Dietary flavonoids have been inversely associated with the incidence of coronary artery disease. Researchers from the Chia-Nan University of Pharmacy and Science, Taiwan, reported that myricetin, and other flavonoids, prevented LDL from oxidation and reduced the uptake of oxidized LDL by macrophages . Myricetin inhibited Cu(2+)-mediated LDL oxidation and reduced the expression of the membrane protein CD36, which can bind many ligands, including oxidized low density lipoprotein. The study concluded that flavonols, such as myricetin, may play a role in ameliorating atherosclerosis.
A study conducted by SM Rankin and co-workers of King's College, London, found that myricetin at high concentrations modified LDL by a non-oxidative mechanism into a form that was easier absorbed by macrophages. They came to this conclusion after determining the absorption labeled LDL, treated with up to 1000 microM myricetin, by mouse peritoneal macrophages. Sometimes flavonoids can as pro-oxidants but myricetin did oxidize LDL and did not deplete the endogenous antioxidant alpha-tocopherol in the LDL.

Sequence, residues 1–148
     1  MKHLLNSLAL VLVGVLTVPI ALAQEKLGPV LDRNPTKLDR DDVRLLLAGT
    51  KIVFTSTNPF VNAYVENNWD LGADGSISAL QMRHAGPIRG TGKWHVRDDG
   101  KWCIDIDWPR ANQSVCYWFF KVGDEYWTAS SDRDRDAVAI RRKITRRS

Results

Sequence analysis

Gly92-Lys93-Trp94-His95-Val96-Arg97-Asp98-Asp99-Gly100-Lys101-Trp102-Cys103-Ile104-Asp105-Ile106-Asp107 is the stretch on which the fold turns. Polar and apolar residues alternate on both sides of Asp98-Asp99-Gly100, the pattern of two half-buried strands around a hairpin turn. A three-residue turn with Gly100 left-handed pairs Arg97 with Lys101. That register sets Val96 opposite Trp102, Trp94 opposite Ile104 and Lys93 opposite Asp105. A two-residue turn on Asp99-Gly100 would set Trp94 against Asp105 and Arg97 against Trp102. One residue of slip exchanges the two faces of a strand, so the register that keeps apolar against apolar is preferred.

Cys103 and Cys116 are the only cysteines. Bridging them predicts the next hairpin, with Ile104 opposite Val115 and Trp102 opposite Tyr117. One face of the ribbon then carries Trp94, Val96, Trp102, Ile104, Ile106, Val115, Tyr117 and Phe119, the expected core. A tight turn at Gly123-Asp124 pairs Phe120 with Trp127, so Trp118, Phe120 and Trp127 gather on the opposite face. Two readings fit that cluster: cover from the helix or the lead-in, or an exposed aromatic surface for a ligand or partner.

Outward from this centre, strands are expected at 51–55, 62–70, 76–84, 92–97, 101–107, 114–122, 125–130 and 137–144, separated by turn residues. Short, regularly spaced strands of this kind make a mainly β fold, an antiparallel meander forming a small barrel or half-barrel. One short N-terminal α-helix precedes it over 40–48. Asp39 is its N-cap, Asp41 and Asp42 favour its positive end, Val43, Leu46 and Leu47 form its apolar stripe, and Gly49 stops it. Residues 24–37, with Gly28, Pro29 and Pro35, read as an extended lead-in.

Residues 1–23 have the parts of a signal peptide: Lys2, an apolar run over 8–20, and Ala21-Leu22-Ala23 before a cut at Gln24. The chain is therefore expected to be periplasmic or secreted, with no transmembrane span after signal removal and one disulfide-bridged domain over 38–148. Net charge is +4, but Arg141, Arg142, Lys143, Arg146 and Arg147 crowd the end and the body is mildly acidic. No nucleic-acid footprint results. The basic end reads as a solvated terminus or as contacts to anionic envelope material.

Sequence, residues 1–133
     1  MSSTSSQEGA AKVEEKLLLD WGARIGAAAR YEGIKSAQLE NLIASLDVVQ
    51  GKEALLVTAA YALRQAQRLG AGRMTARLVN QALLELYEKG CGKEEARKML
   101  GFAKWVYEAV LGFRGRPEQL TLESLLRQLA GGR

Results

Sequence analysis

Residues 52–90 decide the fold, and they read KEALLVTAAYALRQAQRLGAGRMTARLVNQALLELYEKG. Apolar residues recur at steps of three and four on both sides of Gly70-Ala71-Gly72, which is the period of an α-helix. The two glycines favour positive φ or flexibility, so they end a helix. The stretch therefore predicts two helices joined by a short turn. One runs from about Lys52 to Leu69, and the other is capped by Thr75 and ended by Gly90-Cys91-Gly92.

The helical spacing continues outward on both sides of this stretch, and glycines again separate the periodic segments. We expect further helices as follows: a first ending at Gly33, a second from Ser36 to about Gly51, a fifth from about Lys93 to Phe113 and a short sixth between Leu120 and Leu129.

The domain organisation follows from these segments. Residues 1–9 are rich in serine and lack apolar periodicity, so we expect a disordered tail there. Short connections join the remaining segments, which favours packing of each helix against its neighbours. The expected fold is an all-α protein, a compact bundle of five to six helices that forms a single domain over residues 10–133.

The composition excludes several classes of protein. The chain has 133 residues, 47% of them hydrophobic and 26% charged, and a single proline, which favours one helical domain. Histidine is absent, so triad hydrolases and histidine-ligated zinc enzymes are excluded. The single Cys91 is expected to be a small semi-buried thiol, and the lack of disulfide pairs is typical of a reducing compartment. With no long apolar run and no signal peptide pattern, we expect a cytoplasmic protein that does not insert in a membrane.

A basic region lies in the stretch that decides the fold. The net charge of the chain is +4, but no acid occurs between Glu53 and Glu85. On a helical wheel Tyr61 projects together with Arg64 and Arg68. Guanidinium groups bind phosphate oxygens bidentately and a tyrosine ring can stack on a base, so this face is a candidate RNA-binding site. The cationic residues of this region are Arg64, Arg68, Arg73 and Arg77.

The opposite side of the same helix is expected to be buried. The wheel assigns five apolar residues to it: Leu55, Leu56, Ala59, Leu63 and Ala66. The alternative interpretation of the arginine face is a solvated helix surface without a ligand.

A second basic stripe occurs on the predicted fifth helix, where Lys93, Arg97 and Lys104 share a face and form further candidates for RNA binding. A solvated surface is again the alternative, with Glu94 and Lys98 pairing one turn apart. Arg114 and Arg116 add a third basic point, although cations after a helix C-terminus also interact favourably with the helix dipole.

Fisetin, morin and myricetin attenuate CD36 expression and oxLDL uptake in U937-derived macrophages. Biochim Biophys Acta. 2008 Oct;1781(10):601-9.
 The modification of low density lipoprotein by the flavonoids myricetin and gossypetin. Biochem Pharmacol. 1993 Jan 7;45(1):67-75.